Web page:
CEPHALOSPORINS. Cephalosporins and the closely related cephamycins and carbapenems, like the pencillins, contain a beta-lactam chemical structure. Consequently, there are patterns of cross-resistance and cross-allergenicity among the drugs in these classes. The "cepha" drugs are among the most diverse classes of antibiotics, and are themselves subgrouped into 1st, 2nd and 3rd generations. Each generation has a broader spectrum of activity than the one before. In addition, cefoxitin, a cephamycin, is highly active against anaerobic bacteria, which offers utility in treatment of abdominal infections. The 3rd generation drugs, cefotaxime, ceftizoxime, ceftriaxone and others, cross the blood-brain barrier and may be used to treat meningitis and encephalitis. Cephalopsorins are the usually preferred agents for surgical prophylaxis.

FLUROQUINOLONES. The fluroquinolones are synthetic antibacterial agents, and not derived from bacteria. They are included here because they can be readily interchanged with traditional antibiotics. An earlier, related class of antibacterial agents, the quinolones, were not well absorbed, and could be used only to treat urinary tract infections. The fluroquinolones, which are based on the older group, are broad-spectrum bacteriocidal drugs that are chemically unrelated to the penicillins or the cephaloprosins. They are well distributed into bone tissue, and so well absorbed that in general they are as effective by the oral route as by intravenous infusion.

TETRACYCLINES. Tetracyclines got their name because they share a chemical structure that has four rings. They are derived from a species of Streptomyces bacteria. Broad-spectrum bacteriostatic agents, the tetracyclines may be effective against a wide variety of microorganisms, including rickettsia and amoebic parasites.

MACROLIDES. The macrolide antibiotics are derived from Streptomyces bacteria, and got their name because they all have a macrocyclic lactone chemical structure. Erythromycin, the prototype of this class, has a spectrum and use similar to penicillin. Newer members of the group, azithromycin and clarithyromycin, are particularly useful for their high level of lung penetration. Clarithromycin has been widely used to treat Helicobacter pylori infections, the cause of stomach ulcers.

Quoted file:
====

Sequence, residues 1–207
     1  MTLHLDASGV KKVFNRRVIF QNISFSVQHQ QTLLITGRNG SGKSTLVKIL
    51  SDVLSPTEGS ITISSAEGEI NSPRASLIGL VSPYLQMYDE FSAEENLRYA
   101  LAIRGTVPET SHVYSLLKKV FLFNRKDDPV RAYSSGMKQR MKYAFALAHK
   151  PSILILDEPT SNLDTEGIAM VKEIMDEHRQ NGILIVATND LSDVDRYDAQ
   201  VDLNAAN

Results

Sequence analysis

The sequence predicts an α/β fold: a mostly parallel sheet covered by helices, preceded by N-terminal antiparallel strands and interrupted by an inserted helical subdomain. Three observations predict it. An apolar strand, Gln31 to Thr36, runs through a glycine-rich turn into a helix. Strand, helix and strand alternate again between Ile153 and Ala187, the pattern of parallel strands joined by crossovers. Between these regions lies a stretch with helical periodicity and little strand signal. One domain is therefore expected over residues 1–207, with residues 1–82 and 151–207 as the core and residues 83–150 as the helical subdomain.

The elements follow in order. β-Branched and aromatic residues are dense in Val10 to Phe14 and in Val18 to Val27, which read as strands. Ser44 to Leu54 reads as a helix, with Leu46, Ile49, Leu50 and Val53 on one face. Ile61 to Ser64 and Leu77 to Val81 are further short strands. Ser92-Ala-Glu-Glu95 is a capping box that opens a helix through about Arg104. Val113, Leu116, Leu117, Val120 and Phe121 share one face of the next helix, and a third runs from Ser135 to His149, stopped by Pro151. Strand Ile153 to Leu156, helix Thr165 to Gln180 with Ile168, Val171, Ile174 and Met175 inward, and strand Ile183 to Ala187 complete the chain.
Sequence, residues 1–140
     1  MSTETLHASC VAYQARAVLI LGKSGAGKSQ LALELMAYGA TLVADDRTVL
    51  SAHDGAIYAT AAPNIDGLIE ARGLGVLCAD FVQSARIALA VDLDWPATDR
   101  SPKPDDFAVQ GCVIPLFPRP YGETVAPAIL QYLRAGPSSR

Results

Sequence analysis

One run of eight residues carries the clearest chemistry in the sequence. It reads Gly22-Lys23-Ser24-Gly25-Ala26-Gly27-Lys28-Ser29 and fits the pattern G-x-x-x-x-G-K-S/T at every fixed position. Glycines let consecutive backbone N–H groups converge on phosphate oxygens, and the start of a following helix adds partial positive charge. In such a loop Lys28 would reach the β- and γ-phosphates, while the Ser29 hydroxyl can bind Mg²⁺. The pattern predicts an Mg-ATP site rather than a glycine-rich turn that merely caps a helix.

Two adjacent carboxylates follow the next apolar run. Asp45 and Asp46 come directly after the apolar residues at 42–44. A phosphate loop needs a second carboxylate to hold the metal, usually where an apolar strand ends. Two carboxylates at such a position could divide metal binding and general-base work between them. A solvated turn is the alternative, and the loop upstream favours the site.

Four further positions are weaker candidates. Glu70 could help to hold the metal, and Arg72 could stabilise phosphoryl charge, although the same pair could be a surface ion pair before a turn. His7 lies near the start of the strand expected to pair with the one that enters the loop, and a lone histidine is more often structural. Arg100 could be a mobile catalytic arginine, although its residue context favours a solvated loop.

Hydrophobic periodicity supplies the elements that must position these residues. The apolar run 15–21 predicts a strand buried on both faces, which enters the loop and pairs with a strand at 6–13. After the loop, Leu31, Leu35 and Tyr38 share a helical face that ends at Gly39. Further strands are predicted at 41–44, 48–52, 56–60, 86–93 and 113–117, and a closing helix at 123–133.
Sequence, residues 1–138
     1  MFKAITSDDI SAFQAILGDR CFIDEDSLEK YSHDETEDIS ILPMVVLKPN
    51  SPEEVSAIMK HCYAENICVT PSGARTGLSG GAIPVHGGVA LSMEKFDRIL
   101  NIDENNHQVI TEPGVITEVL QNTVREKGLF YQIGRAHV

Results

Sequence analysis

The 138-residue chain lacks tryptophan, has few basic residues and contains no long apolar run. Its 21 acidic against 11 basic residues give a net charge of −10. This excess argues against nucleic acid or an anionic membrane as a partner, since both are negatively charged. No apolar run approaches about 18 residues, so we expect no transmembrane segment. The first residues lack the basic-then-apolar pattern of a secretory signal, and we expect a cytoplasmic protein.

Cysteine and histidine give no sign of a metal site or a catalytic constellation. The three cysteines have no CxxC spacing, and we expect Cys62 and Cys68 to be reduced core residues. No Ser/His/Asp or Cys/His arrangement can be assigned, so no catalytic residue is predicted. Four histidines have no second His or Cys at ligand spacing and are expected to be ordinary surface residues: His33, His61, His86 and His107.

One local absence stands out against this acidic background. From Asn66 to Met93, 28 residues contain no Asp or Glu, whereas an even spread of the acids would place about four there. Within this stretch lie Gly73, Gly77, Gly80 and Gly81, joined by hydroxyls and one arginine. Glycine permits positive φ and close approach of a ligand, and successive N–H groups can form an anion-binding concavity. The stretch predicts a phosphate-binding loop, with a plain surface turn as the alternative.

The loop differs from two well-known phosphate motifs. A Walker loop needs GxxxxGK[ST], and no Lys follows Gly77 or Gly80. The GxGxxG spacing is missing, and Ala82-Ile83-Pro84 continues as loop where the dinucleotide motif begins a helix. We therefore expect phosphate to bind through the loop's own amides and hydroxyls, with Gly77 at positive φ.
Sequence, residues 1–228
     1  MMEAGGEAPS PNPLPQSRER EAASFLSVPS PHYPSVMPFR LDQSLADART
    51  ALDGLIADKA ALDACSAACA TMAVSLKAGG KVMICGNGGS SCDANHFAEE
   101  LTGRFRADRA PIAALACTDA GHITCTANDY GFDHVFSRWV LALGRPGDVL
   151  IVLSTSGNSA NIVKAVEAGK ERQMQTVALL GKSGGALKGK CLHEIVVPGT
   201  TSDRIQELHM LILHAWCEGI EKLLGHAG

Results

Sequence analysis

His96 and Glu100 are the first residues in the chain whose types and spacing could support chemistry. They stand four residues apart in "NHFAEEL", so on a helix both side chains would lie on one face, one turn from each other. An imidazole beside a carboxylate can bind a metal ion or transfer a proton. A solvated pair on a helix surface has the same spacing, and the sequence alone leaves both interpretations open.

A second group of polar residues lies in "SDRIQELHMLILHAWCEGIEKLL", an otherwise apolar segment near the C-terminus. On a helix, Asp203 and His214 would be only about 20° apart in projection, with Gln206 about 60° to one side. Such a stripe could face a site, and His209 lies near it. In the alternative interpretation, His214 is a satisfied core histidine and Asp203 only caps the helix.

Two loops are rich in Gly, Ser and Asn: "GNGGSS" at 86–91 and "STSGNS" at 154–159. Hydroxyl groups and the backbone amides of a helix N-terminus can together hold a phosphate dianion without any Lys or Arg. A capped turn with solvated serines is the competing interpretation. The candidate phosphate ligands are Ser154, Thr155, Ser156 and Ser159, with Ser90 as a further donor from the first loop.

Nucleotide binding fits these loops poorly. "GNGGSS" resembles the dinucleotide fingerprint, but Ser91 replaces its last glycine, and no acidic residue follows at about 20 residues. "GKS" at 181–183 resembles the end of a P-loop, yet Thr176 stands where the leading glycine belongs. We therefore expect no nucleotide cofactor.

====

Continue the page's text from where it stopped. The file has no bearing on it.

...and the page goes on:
OTHERS. Other classes of antibiotics include the aminoglycosides, which are particularly useful for their effectiveness in treating Pseudomonas aeruginosa infections; the lincosamindes, clindamycin and lincomycin, which are highly active against anaerobic pathogens. There are other, individual drugs which may have utility in specific infections.


Side effects

All antibiotics cause risk of overgrowth by non-susceptible bacteria. Manufacturers list other major hazards by class; however, the health care provider should review each drug individually to assess the degree of risk. Generally, breastfeeding is not recommended while taking antibiotics because of risk of alteration to infant's intestinal flora, and risk of masking infection in the infant. Excessive or inappropriate use may promote growth of resistant pathogens.

 

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This information related to Antibiotic is for your information purposes only, it is not intended that this information about Antibiotic covers all uses, directions, drug interactions, precautions, or adverse effects of your medication. This is only general information about Antibiotic, and should not be relied on for any purpose. It should not be construed as containing specific instructions for any particular patient. We disclaim all responsibility for the accuracy and reliability of information about Antibiotic on this page, and/or any consequences arising from the use of this information, including damage or adverse consequences to persons or property, however such damages or consequences arise. No warranty, either expressed or implied, is made in regards to this information.